20th Century-Fox, concentrating on their own CinemaScope films and therby not making enough films to meet their release needs, went outside to independent film makers to make up for the ...
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20th Century-Fox, concentrating on their own CinemaScope films and therby not making enough films to meet their release needs, went outside to independent film makers to make up for the studio's output, and the consequences was that director/producer names such as Wesley Barry and Edward L. Alperson (on this one) and the likes of Sig 'n Sam Neufeld/Newfield on others, found their names, to the surprise of probably themselves and certainly to the film-going public, on screen behind the 20th Century-Fox logo. No matter the reason or how it was packaged, a whole lot of B-dross, minus the production values the studio usually managed to disguise their own in-house dross with, begin to appear. This one has Jess Raidley (Bill Williams), not-ready-to-quit henchman of retired outlaw Jim Dalton (Nelson Leigh), carrying on with business as usual. When circumstances force Jess to kill Dalton, the latter's daughter, Kate (Kelly Ryan), blames sight-unseem Marshal Dan Porter (Jim Davis), whom she ... Written by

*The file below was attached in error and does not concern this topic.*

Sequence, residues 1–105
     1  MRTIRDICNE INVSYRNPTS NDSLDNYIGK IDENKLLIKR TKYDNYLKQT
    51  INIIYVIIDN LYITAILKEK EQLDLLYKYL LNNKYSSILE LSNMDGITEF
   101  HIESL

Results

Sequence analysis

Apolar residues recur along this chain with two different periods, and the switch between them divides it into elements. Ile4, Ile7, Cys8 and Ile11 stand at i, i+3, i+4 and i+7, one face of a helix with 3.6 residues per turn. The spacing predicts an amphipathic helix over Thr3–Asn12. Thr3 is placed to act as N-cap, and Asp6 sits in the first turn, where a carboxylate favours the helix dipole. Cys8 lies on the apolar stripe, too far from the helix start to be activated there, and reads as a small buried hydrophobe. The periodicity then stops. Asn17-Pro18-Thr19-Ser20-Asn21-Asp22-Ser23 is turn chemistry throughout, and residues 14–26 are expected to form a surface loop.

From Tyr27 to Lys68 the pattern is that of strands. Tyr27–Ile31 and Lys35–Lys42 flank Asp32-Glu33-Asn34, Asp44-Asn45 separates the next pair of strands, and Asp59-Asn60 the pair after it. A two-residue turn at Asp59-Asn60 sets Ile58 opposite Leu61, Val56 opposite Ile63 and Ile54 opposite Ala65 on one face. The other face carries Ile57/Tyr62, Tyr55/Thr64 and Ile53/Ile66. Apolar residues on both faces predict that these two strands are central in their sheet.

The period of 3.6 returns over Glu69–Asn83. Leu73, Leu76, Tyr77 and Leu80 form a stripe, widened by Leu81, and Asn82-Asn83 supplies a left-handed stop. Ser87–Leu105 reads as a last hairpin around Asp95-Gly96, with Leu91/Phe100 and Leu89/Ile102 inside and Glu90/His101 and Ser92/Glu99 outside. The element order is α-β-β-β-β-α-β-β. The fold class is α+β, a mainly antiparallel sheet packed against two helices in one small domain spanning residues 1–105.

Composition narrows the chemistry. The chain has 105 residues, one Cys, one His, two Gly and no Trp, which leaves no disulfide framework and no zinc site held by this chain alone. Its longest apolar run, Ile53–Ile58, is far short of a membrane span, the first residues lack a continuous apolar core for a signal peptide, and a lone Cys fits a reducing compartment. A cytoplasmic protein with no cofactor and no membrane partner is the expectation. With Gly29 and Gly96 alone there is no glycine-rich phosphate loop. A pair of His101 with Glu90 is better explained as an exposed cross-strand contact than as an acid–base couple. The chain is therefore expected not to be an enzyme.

Les Adams <firstname.lastname@example.org>
I was 11 when I saw this B-western and I do not remember anything about it except that I fell deeply and as passionately as an 11 year old can for the eponymous heroine as played by Kelly Ryan.Miss Ryans place in the chronology of such things was that she replaced Francoise Arnoul ("French Can Can")in my affections and shortly after was replaced by Debbie Reynolds. I never heard of Miss Ryan again. But it says much about the impression she made on me that 50 years later her name came readily to mind.
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